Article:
I left the meeting feeling so frustrated, so angry, so totally outclassed I didn't know what to do with myself except plop down in front of the tv and stew in my juices. Now there's a creative solution. I had to sleep on it, and when I did get up in the morning and sat silently in prayer, some things came to mind. First of all, what I do is me. I have to get better and try harder. The look of my work is still vastly different than anyone else's. It is mine. No one can take it. One of my dear art instructors, the man who taught me how to paint, was fond of quoting Judy Garland, to the effect that we need to be the best version of ourselves and not a second rate copy of someone else. Then I realized I need to be a servant. How much have I really given to this organization that puts on the shows and makes all this possible for us? Not much. And I need to support my friend. I also need to learn from him. He is always entering shows, keeping up an art blog, working to learn more, honing his experience with computer photography, all this...I'm just plain lazy in that department. We had a call for images to be mailed for publication. If I don't get off my rear and get cd's of my artwork done, I've got nothing to complain about.

Oh, well...back to the drawing board.

the best years

I had the opportunity to catch about half of my probably most favorite film of all time last night. It is the story of three veterans of WWII returning to a small town home, trying to put the pieces of their lives together. The Best Years of Our Lives was made in 1947, and so must have struck a chord with many vets and their families at the time. It is a brilliant film, perfectly cast and acted. There is absolutely nothing cloying or overly sentimental about it. Director William Wyler had the courage to cast a real vet who lost his lower arms in the war as one of the main characters, and his performance makes the movie. You can never forget the price servicemen and their families paid every time this young man appears on screen. My favorite scene in the movie is at the end, when he has to decide whether he'll be able to face his longtime childhood friend and sweetheart and know if her love can bear his disability. He shows her what his bedtime routine is like, removing the harness for his artificial arms and struggling into a nightshirt and then bed. Her loving response to him is a moment that takes my breath away every time I watch the scene. What a picture of the incredible healing power of unconditional love.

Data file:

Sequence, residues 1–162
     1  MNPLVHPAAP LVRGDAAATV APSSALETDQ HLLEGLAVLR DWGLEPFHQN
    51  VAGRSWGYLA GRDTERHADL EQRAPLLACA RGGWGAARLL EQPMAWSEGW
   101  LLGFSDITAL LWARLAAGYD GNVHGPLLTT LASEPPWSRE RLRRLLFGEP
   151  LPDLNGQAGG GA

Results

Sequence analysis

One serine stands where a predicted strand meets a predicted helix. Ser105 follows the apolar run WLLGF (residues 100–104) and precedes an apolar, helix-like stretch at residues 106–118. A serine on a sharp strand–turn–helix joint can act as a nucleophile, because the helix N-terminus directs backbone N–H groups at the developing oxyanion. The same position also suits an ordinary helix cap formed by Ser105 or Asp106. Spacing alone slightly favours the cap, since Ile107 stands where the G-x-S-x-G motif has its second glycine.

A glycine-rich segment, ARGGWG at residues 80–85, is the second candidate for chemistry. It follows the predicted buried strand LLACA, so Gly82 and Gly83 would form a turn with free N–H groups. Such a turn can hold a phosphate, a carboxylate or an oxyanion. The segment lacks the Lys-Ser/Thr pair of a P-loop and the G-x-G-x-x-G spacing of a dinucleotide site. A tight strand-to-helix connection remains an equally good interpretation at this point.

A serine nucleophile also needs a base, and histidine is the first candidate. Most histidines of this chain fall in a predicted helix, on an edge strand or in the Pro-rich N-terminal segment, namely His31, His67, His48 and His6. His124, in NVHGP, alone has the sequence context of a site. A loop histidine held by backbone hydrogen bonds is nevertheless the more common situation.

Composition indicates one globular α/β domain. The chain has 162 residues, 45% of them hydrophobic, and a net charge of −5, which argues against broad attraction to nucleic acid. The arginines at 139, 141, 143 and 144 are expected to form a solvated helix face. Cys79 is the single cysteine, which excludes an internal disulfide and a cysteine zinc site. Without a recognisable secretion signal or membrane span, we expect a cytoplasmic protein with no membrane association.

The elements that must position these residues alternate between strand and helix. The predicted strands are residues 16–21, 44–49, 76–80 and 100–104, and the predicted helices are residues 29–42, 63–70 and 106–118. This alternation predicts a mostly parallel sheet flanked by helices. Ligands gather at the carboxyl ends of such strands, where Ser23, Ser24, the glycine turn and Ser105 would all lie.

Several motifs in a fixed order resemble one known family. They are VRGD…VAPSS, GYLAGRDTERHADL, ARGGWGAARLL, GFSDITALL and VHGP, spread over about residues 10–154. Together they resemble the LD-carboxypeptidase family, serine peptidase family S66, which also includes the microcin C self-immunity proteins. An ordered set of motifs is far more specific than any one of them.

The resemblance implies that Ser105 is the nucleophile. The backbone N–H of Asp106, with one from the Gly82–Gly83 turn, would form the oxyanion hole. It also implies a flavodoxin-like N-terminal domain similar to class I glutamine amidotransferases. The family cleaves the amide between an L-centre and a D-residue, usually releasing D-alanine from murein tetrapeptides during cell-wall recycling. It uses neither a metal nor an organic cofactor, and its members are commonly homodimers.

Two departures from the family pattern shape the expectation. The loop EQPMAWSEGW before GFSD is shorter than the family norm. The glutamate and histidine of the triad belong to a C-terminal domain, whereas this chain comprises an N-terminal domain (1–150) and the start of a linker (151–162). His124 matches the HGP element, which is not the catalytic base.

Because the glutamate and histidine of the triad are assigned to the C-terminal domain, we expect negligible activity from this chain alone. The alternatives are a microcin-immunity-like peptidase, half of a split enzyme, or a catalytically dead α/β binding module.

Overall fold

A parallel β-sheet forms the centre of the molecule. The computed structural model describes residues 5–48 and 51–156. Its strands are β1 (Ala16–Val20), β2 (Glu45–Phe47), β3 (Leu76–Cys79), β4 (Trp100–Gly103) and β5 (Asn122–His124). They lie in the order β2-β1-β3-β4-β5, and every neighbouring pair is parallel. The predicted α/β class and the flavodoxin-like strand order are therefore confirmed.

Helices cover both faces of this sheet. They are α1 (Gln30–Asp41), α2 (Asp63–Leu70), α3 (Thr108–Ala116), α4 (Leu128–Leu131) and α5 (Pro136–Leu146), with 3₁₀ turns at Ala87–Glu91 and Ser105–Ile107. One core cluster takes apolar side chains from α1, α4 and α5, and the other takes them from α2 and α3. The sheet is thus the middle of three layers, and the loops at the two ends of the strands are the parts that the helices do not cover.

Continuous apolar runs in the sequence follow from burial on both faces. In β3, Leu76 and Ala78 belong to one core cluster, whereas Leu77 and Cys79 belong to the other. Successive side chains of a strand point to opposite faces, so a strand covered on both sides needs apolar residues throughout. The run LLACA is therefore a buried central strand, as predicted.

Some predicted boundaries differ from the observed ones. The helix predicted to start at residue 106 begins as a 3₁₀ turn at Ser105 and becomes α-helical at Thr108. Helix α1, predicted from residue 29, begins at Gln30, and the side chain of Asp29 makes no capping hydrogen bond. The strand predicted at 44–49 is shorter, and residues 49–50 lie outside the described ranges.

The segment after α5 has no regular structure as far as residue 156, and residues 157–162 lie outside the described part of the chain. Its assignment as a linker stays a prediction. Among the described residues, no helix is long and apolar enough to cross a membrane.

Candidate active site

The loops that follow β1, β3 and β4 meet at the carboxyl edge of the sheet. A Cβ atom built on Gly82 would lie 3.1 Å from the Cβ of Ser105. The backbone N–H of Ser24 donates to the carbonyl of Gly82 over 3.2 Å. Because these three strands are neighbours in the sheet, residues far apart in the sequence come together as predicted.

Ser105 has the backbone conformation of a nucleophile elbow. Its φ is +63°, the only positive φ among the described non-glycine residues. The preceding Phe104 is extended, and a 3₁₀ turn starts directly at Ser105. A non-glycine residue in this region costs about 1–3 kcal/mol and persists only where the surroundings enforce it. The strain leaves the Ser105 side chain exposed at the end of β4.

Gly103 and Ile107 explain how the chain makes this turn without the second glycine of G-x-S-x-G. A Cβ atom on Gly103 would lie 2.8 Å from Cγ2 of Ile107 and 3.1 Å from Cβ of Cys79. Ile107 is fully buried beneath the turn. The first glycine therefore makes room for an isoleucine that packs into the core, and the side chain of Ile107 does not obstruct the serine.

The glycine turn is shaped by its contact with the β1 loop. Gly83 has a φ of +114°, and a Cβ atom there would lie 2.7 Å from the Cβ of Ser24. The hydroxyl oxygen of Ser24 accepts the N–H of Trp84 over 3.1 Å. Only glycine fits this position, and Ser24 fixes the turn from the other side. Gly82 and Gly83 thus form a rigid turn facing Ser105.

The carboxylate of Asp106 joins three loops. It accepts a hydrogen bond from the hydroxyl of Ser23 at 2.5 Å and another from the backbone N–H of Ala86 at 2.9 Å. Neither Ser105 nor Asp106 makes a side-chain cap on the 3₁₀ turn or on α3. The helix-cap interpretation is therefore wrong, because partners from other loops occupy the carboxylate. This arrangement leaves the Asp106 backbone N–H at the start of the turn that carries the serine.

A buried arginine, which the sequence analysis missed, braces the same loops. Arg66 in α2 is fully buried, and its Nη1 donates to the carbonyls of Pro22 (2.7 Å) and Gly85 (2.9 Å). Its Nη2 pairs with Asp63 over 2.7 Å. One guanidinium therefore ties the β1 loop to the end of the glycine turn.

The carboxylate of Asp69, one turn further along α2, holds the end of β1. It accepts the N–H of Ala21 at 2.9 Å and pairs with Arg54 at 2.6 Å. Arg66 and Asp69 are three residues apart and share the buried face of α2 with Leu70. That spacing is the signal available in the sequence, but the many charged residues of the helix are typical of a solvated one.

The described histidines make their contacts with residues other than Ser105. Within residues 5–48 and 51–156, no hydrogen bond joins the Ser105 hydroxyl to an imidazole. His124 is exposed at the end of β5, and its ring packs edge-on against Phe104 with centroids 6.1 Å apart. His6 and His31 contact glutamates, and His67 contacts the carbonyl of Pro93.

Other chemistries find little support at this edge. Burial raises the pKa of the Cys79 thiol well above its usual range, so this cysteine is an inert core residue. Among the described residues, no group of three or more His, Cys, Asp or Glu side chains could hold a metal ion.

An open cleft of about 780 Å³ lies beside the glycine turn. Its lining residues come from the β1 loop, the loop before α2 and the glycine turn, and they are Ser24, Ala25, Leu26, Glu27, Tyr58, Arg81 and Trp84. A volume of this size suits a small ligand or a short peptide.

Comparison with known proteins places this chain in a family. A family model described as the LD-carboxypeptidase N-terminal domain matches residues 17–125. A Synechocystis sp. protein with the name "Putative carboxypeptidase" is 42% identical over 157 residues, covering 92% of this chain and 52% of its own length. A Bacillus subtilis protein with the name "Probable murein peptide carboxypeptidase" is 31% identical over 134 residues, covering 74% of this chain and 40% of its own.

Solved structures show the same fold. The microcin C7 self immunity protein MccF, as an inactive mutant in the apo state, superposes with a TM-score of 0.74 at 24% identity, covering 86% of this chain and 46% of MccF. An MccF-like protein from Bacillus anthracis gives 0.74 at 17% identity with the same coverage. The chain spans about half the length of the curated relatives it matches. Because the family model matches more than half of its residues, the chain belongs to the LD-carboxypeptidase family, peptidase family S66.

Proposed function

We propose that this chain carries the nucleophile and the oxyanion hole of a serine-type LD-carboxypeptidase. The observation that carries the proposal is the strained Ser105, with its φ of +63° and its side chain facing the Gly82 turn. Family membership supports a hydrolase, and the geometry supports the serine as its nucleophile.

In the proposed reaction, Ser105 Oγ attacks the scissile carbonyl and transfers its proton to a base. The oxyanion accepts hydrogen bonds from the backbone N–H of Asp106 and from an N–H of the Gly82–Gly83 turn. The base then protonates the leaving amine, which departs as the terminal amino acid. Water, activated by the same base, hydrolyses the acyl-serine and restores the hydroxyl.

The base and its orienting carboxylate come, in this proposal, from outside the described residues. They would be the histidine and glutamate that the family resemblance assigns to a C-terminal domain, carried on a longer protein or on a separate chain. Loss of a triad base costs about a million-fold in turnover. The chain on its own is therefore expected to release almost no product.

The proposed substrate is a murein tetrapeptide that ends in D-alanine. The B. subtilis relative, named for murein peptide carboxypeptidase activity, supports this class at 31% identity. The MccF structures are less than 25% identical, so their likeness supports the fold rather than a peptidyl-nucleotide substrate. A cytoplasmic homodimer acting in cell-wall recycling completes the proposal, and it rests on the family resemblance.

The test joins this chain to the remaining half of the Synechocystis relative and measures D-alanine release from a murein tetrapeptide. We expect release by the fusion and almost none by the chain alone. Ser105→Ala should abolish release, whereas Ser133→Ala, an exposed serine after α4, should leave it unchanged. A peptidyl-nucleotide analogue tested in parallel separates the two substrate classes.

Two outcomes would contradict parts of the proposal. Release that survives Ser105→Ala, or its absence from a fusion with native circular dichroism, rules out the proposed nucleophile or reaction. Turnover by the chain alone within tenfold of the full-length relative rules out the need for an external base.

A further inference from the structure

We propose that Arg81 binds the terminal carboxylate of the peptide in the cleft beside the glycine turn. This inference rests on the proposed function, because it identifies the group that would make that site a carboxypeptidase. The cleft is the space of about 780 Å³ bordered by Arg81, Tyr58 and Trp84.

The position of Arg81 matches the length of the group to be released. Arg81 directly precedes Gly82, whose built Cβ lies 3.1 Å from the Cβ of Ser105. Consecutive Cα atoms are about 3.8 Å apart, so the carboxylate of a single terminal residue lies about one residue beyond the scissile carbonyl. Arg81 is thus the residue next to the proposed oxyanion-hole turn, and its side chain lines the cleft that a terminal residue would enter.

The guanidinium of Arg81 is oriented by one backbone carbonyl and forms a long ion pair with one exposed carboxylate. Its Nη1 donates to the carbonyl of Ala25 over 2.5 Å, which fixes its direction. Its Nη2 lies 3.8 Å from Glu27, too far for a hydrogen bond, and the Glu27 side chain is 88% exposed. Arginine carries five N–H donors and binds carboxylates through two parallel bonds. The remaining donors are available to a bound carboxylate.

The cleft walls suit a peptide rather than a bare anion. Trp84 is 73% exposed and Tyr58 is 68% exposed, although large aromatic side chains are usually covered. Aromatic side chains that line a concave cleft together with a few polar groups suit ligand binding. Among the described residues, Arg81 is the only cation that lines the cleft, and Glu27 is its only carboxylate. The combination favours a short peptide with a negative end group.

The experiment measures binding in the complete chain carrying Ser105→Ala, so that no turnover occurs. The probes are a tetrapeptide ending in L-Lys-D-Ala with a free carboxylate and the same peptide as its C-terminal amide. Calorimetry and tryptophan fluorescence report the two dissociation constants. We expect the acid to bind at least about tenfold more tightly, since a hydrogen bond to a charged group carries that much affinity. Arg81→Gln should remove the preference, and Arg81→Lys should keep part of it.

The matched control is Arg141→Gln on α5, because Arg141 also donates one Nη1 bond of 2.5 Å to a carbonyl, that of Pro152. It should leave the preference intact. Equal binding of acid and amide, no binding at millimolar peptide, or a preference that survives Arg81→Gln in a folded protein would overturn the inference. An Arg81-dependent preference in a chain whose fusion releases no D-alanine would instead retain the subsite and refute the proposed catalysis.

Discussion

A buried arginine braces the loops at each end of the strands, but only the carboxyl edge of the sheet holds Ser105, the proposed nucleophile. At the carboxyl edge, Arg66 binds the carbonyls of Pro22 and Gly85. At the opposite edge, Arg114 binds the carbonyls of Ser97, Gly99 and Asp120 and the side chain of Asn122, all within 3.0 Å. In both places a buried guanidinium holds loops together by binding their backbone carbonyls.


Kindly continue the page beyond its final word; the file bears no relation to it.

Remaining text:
Screen veterans Myrna Loy and Frederich March portray a long married couple with actress Theresa Wright an adult daughter. Once again, the responses and reactions of all three have such a sterling ring of truth you can't escape feeling right along with them all. Their daughter, Peggy, falls for a vet whose marriage has disintegrated and is just a coupling of two strangers. Once again, the tension and pain of separation seems to have followed these vets into every situation they encounter upon their return. And love, whether old or new, faltering or steady, is the thread that holds them together.

When I watched this movie again for the umpteenth time, it was still so impactful and fresh. I had just returned from a leadership meeting of the recovery ministry I serve with, and I couldn't help but think the people who are a part of this group remind me of these returning vets. I think of my son, though not gone from home for such an exalted purpose, will still find life much changed when he returns. Life is much changed for those who suddenly or not so suddenly were touched by disaster and have responded by turning their lives around, determined never to live the same way again. What can be counted on? There is only one thing, and that is love. The love of God. The love of understanding people. The love of parents, friends and fellow believers who held on to the hope that one day these prodigals would return. What power it has.

Wednesday, August 08, 2007

family visitation!

Talking about discipline-I need it in the writing department. I didn't talk about our latest visitation! Ta-da...for the first time in over two years the entire family was together, all five at one table. Of course, that is my dream outside the prison, but this was a good second. My children always fall into easy conversation no matter how long they've been separated, and are like three peas in a pod. How I wish they had these opportunities more often! It seems like now that they are either in or on the threshhold of adulthood a comraderie has developed that is so unmistakeable you can't miss that these are siblings, and I'm so glad. One of my greatest fears of Bran being incarcerated was that somehow the long separations would halt the natural process of siblings growing up together and getting to know each other at every phase of life. I realize in many families, sadly, this does not happen, even when they live together, which is getting more rare all the time.

We had fun reminiscing and taking pictures. The prison has this funny machine that you can preset to shoot whatever shot you set up on a screen, like an automatic shutter release. We mugged and goofed around, and have probably what will be our Christmas postcard if I'm brave enough to go that direction!